The front end of innovation projects includes fostering issues and ideas before the start of the formal project development phase (Koen et al., 2001). Previous studies consider the front end to be the most troublesome and chaotic phase of the innovation process, but at the same time the front end provides the greatest opportunities to improve the overall innovative capability of a company (Herstatt et al., 2004 and Reid and de Brentani, 2004). Crucial strategic decisions related to target markets, customer needs, value propositions, expected prices and costs, the main functionalities, and the most useful technologies of new products are all made at the front end stage (Bonner et al., 2002, Smith and Reinertsen, 1998 and Wheelwright and Clark, 1992). Prior empirical and conceptual front-end studies have focused on product and service innovations (e.g. Herstatt et al., 2004, Koen et al., 2001, McAdam and Leonard, 2004 and Reid and de Brentani, 2004). Less research has focused on other types of innovation projects such as process, marketing, managerial or organizational innovations, which might have even greater implications for the organization. The management control literature, starting as early as the 1970s (e.g. Lawler and Rhode, 1976 and Ouchi, 1979) address the question of how executives manage their firms. Control in this stream of literature is not to be considered equivalent to vertical top–down management but also contains various autonomous and emergent mechanisms, which emphasize lateral mechanisms and softer leadership issues such as values, empowerment and freedom (Simons, 1994 and Simons, 1995). Building on this stream of literature, the concept of ‘management control’ in this paper includes a wide range of organizational arrangements that rely on soft leadership as well as lateral and bottom–up mechanisms in the organization. The role of management at the front end of innovation is to ensure that decisions and choices serve the best interest of the company and fulfill long-term strategic needs. Management's ability to influence strategic choices is naturally the greatest at the front end of innovation. However, executives typically become heavily involved in the initiatives too late, often just after the design phase, when development problems have become apparent and when financial commitment is needed (McGrath, 1996 and Smith and Reinertsen, 1998). However, a proactive management approach is needed to make sure that the choices made at the front end are strategically feasible (McGrath, 1996 and Smith and Reinertsen, 1998) and that the strategy is both effectively implemented and innovatively renewed. Due to its profound implications in the long term, we suggest that management control is of paramount importance especially in the front end of innovation. We further suggest that having management involved in the front end is important for the following reasons; yielding high quality new ideas, developing these ideas into concrete concepts and business cases, enabling cross-functional coordination, creating knowledge transfer across projects and their front ends, and achieving project synergies. This creates the challenge to finding a balance between empowerment and accountability, intended and emergent strategy, and experimentation and efficiency, which is the key in management control of organizations that need room for innovation and flexibility (Simons, 1995). Based on the above characterization, project management offices (PMOs) or related organizational arrangements can be considered to have a key role in the management of innovation projects, especially at the front end. These offices may be formal organizational units or less formal arrangements, which may include facilitators, innovation groups, innovation processes and/or idea management and innovation software systems. Despite its significant potential implications for managing the front end of innovation, prior research has not addressed the role of PMOs as such organizational arrangements in the front ends of innovation projects. The recent research by Hobbs and Aubry (2007) and other practical-oriented literature (Hill, 2008) suggests that PMOs are specialized organizational units that play various roles and have different tasks. However, the existing PMO literature suggests that the role of a project management office is to support, coordinate and control project-related work. Based on this suggestion, it is not clear as to the appropriate manifestation of a PMO in the front end of innovation project context. Additionally, formal PMOs or related specialized units do not exist for such a purpose, which is the case in many of the case companies in our empirical study, then we can ask what other relevant organizational arrangements would help the executives to manage the front end of innovation projects. This research addresses management control in the front end of innovation projects. We assume that the organizational arrangements for such management controls serve as an organizational element of what constitutes an object that is comparable to a project management office. In this study, we address three gaps in the existing PMO literature. First, the existing PMO literature tends to focus on project execution, with less emphasis on specifically addressing the PMO's role in the management of the front-end phase of innovation projects. Second, the existing PMO literature is highly practical and does not extensively use an established theoretical basis for assessing the concept of a project management office. We address this gap by using theories of organization design and management control in particular for assessing the role and the tasks of a PMO. Third, building on theories of organization design and management control, we address organizational arrangements from a wider perspective rather than focusing solely on the PMO as a specialized organizational unit. In this respect, our results show a variety of organizational arrangements outside the traditional conception of a PMO as a specialized unit, and our results show how such organizational arrangements are involved in the management of the front end of innovation projects. Such arrangements can be considered alternative mechanisms to a non-existent PMO, or to complement a (non-existent) PMO's tasks. Therefore, our research expands the existing PMO research by including a broader aspect of organizational arrangements for the management control of projects. This paper addresses the following two research questions: • What control mechanisms can managers use in managing the front end of innovation projects? • How can the project management office (PMO) or related organizational arrangements be used for the management control in managing the front end of innovation projects? We build on the theories of organization design and management control. Due to our context of innovation front end in this research, we use the innovation front end literature to understand the management control in that specific innovation context. The empirical data used in this paper is derived from four case companies. The major contribution of this paper is related to the role of PMOs related to the organizational and managerial mechanisms of a firm in the context of managing multiple innovation projects. The research relates to the wide area of organizational and managerial mechanisms for managing multiple projects in a project-based firm (PBF; Artto and Kujala, 2008, Lindkvist, 2004 and Whitley, 2006). In general, we use the term ‘project-based firm’ to refer to two types of firms; firms that conduct only a segment of their operations in project form even though their primary productive activity might be volume-based (Hobday, 2000 calls these project-led firms) and firms that organize most of their internal and external activities in projects (‘project-based’ also in the terminology of Hobday, 2000, and of Lindkvist, 2004). Project-based firms and organizations are found in a wide range of industries, such as consulting and professional services, cultural industries, high technology, and complex products and systems (Sydow et al., 2004). Management control in this paper refers to activities that maintain or alter patterns at the front-end work of projects to achieve successful results (adapted from Simons, 1995). And in line with the extensive management control literature, we also interpret the concept of control broadly, including organizational arrangements, practices, processes and tools that relate to the appropriate strategic decisions concerning the whole project portfolio, as well as providing direction and support for the advancement of single pre-project ideas and projects.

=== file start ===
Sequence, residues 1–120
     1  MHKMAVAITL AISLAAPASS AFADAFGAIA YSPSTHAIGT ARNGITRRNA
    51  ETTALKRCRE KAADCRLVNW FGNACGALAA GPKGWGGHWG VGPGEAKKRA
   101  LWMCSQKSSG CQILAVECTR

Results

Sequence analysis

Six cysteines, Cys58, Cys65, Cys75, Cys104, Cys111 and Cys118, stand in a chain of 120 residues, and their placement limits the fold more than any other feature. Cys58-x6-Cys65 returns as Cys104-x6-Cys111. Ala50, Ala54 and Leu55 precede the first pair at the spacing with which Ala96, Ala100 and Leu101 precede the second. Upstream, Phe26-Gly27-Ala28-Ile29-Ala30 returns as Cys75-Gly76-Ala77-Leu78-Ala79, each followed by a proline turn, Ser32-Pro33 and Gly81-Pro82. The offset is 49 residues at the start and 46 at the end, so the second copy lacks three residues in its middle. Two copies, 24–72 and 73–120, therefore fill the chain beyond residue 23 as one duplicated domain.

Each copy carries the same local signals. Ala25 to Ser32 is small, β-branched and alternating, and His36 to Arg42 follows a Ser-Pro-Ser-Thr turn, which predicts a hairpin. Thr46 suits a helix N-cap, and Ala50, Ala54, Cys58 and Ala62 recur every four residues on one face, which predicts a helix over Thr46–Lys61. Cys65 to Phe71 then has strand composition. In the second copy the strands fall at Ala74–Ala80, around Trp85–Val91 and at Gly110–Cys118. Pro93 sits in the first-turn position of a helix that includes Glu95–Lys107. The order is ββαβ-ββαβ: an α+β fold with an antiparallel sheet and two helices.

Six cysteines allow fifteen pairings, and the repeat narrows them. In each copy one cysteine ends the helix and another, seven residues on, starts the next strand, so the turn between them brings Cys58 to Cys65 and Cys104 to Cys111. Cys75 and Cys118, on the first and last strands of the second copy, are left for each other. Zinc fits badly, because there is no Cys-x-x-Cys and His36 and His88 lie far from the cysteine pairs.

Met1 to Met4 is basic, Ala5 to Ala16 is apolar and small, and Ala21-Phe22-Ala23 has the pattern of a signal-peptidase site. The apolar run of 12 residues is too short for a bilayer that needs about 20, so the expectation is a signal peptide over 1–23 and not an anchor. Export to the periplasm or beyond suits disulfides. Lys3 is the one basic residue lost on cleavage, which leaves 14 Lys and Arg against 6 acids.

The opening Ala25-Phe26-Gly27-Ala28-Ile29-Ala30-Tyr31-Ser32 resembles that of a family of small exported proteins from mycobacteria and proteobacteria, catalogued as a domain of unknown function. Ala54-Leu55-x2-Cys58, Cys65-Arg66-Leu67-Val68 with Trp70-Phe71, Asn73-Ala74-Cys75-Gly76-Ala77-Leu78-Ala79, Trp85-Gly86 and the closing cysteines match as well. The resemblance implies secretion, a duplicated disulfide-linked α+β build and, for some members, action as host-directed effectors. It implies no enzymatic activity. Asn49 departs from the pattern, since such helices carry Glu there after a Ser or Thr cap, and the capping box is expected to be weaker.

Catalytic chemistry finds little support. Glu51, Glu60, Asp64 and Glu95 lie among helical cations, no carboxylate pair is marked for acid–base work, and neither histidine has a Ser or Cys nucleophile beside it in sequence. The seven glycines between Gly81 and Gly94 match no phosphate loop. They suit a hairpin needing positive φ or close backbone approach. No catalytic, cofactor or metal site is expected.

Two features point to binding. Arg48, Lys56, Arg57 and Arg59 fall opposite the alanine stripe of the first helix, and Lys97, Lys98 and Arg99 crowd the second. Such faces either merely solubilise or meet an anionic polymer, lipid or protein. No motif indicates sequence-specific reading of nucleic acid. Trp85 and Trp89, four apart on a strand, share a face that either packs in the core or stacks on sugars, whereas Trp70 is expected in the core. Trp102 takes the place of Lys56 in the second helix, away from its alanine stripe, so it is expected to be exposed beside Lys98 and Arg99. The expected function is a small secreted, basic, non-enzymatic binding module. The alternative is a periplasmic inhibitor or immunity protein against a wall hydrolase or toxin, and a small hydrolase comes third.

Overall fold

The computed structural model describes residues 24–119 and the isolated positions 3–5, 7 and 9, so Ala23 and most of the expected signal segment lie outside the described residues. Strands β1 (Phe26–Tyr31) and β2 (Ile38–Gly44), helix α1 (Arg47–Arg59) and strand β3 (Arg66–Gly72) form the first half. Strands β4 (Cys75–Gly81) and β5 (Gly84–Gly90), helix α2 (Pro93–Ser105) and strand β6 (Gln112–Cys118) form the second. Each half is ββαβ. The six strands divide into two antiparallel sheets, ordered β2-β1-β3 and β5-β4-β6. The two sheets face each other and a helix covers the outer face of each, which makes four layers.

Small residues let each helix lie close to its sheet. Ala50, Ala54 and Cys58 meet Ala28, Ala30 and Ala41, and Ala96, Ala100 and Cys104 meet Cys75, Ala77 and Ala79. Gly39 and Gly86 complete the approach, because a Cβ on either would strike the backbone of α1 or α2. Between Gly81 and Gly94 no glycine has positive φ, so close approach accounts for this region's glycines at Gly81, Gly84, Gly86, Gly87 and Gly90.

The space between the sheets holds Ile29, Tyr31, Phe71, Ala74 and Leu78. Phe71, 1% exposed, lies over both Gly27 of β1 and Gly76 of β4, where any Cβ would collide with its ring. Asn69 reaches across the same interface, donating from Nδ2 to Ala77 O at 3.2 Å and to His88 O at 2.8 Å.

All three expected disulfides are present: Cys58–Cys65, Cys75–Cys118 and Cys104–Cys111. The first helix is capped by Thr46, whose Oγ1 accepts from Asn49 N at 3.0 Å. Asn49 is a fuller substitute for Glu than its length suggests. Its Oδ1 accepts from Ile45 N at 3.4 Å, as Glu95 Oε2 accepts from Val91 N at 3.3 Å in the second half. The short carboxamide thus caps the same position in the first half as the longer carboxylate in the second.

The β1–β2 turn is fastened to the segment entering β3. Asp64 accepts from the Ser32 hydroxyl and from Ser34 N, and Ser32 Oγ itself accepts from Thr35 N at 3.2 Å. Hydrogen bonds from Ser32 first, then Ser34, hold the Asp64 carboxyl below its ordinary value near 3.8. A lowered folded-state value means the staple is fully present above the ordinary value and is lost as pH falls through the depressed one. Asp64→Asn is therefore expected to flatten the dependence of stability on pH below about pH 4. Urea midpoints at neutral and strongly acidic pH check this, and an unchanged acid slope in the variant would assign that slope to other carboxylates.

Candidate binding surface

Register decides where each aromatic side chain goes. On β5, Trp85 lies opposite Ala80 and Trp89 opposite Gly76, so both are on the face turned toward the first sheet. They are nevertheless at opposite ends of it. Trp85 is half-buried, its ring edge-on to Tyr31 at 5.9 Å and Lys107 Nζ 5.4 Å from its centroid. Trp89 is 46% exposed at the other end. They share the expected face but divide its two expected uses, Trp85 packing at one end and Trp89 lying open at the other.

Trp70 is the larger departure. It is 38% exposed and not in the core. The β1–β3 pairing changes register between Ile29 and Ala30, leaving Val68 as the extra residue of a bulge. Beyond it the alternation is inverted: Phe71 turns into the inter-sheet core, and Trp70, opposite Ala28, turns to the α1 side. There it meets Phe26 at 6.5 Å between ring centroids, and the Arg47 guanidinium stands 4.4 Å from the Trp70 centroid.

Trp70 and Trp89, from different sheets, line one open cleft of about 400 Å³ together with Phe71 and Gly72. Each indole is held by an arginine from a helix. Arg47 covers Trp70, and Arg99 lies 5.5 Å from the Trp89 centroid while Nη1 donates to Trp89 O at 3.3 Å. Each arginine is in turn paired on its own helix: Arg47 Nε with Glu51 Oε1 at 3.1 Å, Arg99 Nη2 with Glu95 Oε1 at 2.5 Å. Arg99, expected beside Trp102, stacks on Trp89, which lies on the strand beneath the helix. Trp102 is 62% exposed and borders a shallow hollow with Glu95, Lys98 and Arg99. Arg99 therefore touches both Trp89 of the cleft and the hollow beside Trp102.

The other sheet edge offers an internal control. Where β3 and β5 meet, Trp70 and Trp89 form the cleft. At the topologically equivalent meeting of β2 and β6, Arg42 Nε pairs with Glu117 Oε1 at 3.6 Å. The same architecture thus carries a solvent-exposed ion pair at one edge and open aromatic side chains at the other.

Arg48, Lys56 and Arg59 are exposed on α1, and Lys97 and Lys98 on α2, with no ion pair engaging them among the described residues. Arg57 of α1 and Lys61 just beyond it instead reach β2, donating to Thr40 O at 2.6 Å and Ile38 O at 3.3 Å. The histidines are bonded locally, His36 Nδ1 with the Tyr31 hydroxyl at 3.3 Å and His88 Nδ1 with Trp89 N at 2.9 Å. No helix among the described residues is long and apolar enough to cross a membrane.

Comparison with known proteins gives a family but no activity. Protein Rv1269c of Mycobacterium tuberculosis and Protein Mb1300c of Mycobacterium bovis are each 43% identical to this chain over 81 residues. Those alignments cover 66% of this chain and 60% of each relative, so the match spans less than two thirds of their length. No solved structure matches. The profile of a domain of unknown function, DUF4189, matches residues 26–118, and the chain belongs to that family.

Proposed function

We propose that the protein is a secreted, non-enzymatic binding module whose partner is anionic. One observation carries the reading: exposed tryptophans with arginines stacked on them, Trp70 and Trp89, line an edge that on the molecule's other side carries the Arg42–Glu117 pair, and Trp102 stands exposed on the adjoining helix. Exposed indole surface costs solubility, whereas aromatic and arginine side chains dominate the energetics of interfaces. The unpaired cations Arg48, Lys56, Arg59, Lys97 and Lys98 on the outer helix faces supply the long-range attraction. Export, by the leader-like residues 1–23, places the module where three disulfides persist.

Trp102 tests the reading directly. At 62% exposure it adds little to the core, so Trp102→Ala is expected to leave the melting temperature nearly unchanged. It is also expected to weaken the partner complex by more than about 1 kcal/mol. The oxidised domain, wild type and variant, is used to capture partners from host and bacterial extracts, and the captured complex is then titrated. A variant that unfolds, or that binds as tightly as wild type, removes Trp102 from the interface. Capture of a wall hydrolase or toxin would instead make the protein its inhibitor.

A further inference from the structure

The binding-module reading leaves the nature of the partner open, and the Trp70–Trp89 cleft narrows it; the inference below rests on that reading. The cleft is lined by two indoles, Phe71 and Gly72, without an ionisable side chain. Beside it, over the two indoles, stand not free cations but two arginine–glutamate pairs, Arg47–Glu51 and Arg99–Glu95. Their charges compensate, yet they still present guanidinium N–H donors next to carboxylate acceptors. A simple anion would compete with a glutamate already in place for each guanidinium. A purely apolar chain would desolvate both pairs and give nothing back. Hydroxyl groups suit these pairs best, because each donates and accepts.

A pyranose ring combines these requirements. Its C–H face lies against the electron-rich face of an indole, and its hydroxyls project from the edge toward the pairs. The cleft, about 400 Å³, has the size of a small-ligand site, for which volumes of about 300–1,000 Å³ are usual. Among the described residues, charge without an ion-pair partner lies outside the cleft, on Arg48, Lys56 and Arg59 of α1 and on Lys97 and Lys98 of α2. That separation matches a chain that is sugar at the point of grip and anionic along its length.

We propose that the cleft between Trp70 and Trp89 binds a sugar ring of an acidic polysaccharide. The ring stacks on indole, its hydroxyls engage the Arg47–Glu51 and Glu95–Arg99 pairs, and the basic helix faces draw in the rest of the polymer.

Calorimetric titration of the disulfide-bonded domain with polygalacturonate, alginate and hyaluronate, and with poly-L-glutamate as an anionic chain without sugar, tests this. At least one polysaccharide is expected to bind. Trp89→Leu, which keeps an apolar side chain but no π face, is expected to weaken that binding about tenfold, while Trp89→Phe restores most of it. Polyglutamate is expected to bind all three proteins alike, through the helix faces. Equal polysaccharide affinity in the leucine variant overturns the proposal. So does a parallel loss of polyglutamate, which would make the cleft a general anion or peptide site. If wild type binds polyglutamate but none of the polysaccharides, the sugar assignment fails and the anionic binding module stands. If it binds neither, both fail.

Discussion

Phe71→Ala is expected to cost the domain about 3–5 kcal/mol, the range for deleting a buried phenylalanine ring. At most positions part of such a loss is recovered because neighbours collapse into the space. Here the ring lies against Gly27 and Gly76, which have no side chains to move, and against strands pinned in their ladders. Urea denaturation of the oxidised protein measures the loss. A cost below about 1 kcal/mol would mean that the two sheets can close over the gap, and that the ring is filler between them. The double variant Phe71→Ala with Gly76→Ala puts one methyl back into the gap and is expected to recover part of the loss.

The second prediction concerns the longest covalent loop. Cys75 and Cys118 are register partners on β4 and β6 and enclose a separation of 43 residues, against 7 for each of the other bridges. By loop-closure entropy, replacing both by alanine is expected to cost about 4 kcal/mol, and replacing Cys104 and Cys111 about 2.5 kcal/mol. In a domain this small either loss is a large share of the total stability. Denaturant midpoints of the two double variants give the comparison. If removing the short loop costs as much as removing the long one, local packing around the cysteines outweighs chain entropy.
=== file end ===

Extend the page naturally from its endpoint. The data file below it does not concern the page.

نتیجه گیری انگلیسی
This research addresses management control of the front end of innovation projects in organizations. Due to the use of the theories of organization design and management control, we focus on PMOs as an integrative organizational arrangement, both as a formal organizational unit but also including other integrative mechanisms. We also use innovation front end literature, to describe the innovation context and to understand management control in the specific area of the front end of innovation projects. We analyze PMO literature in order to establish a narrow interpretation of a PMO as a specialized organizational unit. The empirical material is derived from four case companies. We look at integrative organizational arrangements broadly to observe how executives manage the front end of innovation projects in firms. In this respect, our results show a wide variety of integrative organizational arrangements — but not PMOs — in the management of the front end of innovation projects. Such arrangements include: coaches, facilitators, groups, boards, coordinators for strategy and process implementation, specialized task forces, innovation strategy, innovation process, idea management software systems, idea campaigns, and idea generation processes. Our research expands the existing PMO research by including a broader definition of organizational arrangements for the management control of projects in companies. The paper also contrasts prior literature by emphasizing the desirability of a highly organic or embedded matrix structure. The results also suggest that a behavioral perspective in management is important, as is the information processing view (or coordinative view) in the existing PMO literature. We adopt a framework with four distinctive types of management control systems: belief systems, boundary systems, diagnostic control systems, and interactive controls systems. We use these four types of management control systems to categorize control mechanisms representing specific organizational arrangements. We derive several observations and suggestions based on the distinctive nature of the different management control mechanism categories (or control system types), and on how different control system types serve different strategic purposes. The major contribution of this paper is to organizational and managerial mechanisms of a firm in the context of managing multiple innovation projects.